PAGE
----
A ten-cent part failed and destroyed a model with a $300 list price. My fault for not using a metal retainer instead of a nylon one on the quick-connect clamp on the servo arm for the elevator pushrod.

I once had an aileron fail on a park flyer and I was able to land the plane. Had the rudder failed, meh. No big deal.

When an elevator goes, kiss your model goodbye. That's all I could do as I saw one of the nicest models I've ever owned plummet nose first into the ground on its sixth flight.

I hope to replace it with another sooner than later. In the meantime, the Cap's flap servo panels, two of the servos, the receiver battery and FASST receiver will be used to complete a project plane from several posts back, a Great Planes Cessna with a new O.S. LA 65 engine and a bit of hangar rash. Price: Fifty bucks. Complete. It will be a nice model once I finish it and patch the hangar rash, but it sure won't take the place of the Cap. Thankfully, standard parts like servos sometimes mean standard parts between brands. The Cap's flap servo panels were almost exactly the right size to replace the Cessna's missing aileron servo panels. Thanks to a scale drawing of the panels by a local club member who also has a Cessna, I was able to create the openings for the servo arms.

This was one of those times where I began to reevaluate whether or not I wanted to continue in such a hobby as this, where hard-earned money can be lost in a fraction of a second due to something which cost pocket change.

At least something good will come out of this. I can complete another project.

As soon as that Cessna takes to the air, it'll have a magnificent VQ Model Cap-10B .60 to thank for its heart transplant.

Of course, I'll be sharing it with all of you.
Posted by DismayingObservation | Jul 01, 2008 @ 08:02 PM | 5,294 Views
Problem: One of my little SPADs is sans a wing and has been for some time. I spent a lot of bread on some corrugated plastic, but the stuff I bought is too thick to fold over for a wing.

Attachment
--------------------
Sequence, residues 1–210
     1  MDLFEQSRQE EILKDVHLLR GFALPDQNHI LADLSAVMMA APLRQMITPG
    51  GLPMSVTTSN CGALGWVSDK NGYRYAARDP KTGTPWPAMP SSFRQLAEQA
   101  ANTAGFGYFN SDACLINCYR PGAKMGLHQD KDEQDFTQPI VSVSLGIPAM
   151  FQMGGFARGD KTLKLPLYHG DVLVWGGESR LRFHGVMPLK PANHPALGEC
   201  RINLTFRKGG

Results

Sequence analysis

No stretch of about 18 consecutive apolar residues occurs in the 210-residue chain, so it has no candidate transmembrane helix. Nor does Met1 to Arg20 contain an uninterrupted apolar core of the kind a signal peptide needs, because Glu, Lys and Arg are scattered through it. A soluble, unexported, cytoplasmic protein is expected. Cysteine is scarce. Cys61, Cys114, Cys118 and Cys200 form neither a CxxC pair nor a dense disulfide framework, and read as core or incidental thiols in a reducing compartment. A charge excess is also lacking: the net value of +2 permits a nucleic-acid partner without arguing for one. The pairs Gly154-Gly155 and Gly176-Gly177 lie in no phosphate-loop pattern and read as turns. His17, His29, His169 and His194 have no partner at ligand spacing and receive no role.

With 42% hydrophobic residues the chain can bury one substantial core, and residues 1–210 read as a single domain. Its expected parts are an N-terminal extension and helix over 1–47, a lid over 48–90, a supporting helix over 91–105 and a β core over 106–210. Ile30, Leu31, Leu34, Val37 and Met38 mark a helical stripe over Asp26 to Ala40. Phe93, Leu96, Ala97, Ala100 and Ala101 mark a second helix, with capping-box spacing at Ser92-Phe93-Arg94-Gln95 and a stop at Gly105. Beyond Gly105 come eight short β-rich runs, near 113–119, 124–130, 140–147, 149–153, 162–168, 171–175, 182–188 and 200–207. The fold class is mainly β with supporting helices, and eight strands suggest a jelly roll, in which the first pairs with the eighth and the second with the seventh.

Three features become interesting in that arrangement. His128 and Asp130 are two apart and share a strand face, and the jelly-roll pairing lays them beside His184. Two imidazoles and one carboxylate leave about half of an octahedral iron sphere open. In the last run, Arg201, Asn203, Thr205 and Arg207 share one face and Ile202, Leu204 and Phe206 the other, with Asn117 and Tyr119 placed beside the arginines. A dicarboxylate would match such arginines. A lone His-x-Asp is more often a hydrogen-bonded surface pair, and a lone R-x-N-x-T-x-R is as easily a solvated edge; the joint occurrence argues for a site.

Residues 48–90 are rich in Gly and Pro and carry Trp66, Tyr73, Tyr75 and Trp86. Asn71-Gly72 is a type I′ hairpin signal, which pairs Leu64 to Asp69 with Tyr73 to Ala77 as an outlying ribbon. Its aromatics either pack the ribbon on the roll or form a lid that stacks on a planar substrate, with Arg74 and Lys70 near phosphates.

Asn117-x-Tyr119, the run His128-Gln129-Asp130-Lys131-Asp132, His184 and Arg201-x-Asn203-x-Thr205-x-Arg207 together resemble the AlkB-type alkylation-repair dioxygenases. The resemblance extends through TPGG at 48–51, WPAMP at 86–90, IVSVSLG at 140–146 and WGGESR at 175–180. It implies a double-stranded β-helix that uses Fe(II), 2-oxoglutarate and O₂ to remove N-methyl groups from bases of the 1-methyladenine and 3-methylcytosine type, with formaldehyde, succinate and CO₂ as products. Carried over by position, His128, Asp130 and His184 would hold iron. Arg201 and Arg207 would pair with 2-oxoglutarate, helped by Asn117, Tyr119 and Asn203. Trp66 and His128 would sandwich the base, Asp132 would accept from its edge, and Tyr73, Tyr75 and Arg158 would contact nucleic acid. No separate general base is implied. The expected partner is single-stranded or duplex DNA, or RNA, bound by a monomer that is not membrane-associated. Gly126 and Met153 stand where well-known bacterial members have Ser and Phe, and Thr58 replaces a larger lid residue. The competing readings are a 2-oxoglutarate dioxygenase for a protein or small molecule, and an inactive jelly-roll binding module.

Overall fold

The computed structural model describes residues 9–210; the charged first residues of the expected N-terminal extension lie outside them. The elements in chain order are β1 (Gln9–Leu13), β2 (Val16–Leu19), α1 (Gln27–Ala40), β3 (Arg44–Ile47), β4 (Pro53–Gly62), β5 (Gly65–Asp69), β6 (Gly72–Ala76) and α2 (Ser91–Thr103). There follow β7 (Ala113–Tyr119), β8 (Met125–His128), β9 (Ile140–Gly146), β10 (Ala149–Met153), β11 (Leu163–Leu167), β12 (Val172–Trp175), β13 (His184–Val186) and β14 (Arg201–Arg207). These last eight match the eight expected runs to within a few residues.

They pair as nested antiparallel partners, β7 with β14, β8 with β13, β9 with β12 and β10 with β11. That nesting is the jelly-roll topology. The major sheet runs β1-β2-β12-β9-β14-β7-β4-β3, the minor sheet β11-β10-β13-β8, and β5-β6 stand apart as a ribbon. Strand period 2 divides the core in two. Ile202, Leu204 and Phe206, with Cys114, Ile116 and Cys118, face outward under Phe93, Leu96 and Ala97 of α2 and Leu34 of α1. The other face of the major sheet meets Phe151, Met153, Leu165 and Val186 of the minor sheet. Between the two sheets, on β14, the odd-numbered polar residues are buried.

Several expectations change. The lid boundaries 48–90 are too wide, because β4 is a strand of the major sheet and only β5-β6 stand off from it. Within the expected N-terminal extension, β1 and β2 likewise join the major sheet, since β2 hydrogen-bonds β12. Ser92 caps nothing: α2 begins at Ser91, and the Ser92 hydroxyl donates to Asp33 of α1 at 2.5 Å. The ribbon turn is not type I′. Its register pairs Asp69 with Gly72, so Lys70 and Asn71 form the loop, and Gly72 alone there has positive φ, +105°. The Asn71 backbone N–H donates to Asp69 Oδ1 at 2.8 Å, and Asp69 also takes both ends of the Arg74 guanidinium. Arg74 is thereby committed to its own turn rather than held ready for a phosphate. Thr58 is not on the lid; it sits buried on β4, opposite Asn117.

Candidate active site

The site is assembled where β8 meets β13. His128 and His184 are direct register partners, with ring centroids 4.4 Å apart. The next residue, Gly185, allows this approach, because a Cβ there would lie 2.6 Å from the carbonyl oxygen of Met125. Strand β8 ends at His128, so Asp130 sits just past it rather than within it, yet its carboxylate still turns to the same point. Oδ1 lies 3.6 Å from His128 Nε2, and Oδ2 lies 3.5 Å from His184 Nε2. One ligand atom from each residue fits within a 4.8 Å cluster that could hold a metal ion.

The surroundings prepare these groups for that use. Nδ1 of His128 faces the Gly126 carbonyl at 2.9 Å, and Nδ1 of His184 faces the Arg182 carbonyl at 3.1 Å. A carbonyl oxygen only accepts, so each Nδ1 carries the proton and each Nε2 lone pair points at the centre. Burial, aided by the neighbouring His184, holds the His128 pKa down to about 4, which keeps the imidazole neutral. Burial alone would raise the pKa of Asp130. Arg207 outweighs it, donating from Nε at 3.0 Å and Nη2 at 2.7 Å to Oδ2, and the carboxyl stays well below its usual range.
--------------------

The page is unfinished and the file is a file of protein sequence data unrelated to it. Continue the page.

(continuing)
The plans for the "Derelict" .25 at www.spadtothebone.com call for a folded-over wing constructed of 2mm corrugated plastic.

Yet another problem: No sign manufacturer or plastics distributor in my area carries the stuff and it's pricey at best online, myabe too much so for a very old homemade combat plane with an out-of-production O.S. .25 pulling it around.

I don't know if the blog is the proper place to ask, but if someone has a sheet of this stuff laying around of sufficient area to build a new wing, would you be so kind as to shoot me a PM or an e-mail?

Thanks ahead of time.
Posted by DismayingObservation | Jun 03, 2008 @ 10:52 AM | 5,726 Views
Sorry about that title. I simply couldn't resist given the subject...and I couldn't think of anything else.

In any event, my best friend of these last thirty years has finally taken the plunge (literally) with his first R/C model, a Silverlit Flying Dutchman RTR pirate ship which he's been merrily sailing in his own Spanish Main, namely his pool.

He's christened it The Flying Wasp after the small dinghy which gets splintered by a yacht's anchor in Caddyshack.

It seems this little galleon has a real fire in its belly with its ability to power slide. No rudder. It steers by varying the speed of the props. I'm told that there are few things funnier than seeing a miniature 18th Century sailing vessel skid sideways like something out of The Fast and the Furious.

Being the rather eclectic individual he is, e-mails have been flying as to how this ship should be manned. Discussion ranges from Star Wars to the Teletubbies. We're thinking a compromise.

How do you think Darth Vader would look carrying a purple handbag?